The High Court’s ruling against the EasyInternet Café chain brings a protracted and some times ugly conflict towards a close, while also setting an important legal precedent. EasyInternet have been found in breach of copyright for allowing customers (to pay) to download music and burn tracks onto CDs in the stores. EasyInternet’s initial refusal to pay a £100 000 fee to the BPI, smacked of the former challenging the British music body’s authority in this area. Tuesday’s ruling clearly asserts that authority and enshrines it in legal precedent. EasyInternet had hoped they were occupying some sort of legal grey area, somewhere between mass CD piracy and home copying. This ruling clarifies that no such loophole exists under UK law.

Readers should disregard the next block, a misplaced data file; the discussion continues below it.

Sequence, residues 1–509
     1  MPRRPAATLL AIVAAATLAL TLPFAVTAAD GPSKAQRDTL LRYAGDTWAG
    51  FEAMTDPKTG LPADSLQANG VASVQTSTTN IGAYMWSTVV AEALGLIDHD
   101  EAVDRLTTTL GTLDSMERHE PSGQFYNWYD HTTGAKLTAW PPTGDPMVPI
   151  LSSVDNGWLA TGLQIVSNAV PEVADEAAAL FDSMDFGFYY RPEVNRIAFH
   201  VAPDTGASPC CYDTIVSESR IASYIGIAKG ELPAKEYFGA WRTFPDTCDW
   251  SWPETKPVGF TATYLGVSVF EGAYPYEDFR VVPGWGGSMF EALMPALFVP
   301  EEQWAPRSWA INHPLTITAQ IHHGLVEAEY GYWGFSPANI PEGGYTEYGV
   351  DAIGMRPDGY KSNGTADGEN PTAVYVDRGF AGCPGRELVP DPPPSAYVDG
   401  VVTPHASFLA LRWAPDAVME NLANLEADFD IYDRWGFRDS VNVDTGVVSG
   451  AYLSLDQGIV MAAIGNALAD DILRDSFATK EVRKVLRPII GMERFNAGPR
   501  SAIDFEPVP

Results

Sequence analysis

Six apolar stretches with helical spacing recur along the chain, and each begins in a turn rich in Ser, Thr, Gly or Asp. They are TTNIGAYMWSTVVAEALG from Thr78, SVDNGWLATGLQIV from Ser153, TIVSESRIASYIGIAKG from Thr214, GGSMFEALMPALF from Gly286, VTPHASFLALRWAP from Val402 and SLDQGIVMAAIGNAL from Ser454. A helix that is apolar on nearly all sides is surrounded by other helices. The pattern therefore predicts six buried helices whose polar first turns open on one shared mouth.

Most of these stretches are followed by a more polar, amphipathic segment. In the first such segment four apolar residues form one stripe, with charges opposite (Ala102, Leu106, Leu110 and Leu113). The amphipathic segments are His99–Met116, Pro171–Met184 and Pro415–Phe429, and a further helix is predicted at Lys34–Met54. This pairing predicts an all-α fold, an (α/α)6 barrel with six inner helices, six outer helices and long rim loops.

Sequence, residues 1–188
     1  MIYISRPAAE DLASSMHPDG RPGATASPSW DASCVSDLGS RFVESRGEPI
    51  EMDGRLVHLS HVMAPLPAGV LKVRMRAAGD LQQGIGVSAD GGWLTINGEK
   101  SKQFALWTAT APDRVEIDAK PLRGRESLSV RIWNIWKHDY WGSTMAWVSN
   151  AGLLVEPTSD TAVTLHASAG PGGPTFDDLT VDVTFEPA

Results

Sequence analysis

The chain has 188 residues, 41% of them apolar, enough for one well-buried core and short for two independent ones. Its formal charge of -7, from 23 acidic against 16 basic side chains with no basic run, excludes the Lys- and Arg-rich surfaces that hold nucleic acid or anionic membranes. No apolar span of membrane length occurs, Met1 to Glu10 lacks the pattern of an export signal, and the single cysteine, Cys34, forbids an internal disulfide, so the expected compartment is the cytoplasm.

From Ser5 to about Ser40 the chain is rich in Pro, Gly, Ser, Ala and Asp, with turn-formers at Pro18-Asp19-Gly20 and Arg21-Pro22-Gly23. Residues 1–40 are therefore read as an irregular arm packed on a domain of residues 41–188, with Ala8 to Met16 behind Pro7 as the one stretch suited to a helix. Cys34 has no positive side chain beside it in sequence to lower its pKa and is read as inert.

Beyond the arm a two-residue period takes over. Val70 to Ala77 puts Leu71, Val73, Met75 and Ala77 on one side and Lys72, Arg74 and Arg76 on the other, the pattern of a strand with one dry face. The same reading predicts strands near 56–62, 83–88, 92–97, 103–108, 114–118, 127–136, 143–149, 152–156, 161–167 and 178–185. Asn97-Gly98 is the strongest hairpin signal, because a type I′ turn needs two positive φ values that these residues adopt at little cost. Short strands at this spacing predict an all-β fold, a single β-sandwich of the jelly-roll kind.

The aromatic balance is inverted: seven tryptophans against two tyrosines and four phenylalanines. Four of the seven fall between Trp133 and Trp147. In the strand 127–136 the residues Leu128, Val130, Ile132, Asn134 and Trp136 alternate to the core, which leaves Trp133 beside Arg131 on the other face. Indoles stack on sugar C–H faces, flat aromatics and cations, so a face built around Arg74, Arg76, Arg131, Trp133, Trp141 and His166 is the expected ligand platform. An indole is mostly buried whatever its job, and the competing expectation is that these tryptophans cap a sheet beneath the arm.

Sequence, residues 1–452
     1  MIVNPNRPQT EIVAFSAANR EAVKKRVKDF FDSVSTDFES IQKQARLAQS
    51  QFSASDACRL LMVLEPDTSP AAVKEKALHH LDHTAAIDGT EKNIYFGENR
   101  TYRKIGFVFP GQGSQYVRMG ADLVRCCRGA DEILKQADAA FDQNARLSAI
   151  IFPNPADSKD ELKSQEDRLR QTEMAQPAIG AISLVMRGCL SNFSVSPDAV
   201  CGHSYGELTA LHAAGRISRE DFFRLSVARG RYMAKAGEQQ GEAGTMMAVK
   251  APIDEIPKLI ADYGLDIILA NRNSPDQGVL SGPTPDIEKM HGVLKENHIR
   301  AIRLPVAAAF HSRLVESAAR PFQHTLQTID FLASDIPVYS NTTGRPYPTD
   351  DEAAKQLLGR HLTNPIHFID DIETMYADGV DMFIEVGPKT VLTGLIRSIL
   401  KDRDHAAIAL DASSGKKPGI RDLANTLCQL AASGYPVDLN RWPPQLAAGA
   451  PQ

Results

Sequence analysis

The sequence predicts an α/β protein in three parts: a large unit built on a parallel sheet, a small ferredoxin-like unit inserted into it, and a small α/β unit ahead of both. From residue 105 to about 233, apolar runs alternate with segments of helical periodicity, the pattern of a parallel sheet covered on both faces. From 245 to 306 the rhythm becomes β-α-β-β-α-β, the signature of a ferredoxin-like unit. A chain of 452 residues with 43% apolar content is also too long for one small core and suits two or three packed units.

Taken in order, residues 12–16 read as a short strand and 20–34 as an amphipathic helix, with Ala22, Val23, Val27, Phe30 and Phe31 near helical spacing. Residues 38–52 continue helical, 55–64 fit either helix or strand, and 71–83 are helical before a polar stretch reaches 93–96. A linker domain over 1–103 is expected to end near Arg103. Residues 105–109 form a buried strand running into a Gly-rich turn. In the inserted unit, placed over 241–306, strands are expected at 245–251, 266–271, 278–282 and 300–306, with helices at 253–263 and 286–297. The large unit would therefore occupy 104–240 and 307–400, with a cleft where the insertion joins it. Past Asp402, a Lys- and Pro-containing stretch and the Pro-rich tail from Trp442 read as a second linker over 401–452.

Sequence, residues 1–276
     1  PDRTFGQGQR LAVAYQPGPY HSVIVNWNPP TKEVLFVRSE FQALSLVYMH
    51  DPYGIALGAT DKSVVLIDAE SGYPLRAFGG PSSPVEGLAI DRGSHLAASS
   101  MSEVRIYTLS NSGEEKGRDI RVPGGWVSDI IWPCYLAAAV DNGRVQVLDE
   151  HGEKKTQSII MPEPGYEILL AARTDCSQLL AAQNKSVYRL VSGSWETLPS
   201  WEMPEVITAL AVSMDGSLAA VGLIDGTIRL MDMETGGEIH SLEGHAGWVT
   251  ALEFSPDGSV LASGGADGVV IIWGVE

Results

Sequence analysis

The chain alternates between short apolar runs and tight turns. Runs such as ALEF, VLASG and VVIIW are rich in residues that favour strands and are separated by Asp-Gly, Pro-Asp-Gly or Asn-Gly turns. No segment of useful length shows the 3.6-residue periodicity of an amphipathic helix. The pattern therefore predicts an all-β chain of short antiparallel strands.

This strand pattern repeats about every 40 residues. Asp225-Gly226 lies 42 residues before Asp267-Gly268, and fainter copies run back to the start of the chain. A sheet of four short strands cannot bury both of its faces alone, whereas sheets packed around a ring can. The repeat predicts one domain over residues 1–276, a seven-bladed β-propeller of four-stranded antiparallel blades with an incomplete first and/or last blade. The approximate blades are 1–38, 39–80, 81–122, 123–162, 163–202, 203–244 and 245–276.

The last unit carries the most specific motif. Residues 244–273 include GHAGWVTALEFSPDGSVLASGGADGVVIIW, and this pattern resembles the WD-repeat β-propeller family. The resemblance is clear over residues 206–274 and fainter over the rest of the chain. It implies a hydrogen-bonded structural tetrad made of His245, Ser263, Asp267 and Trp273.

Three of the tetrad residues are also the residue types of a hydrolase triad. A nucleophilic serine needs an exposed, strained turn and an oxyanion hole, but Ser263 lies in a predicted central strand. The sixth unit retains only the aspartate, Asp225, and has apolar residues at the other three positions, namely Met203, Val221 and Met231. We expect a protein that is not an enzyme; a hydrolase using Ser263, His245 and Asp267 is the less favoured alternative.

With damages yet to be set, this will be far from the last we will hear of this case. Previously the BPI sought to get an injunction against EasyInternet to prevent them from discussing the matter in public and EasyInternet have used their site to post various claims about the BPI.

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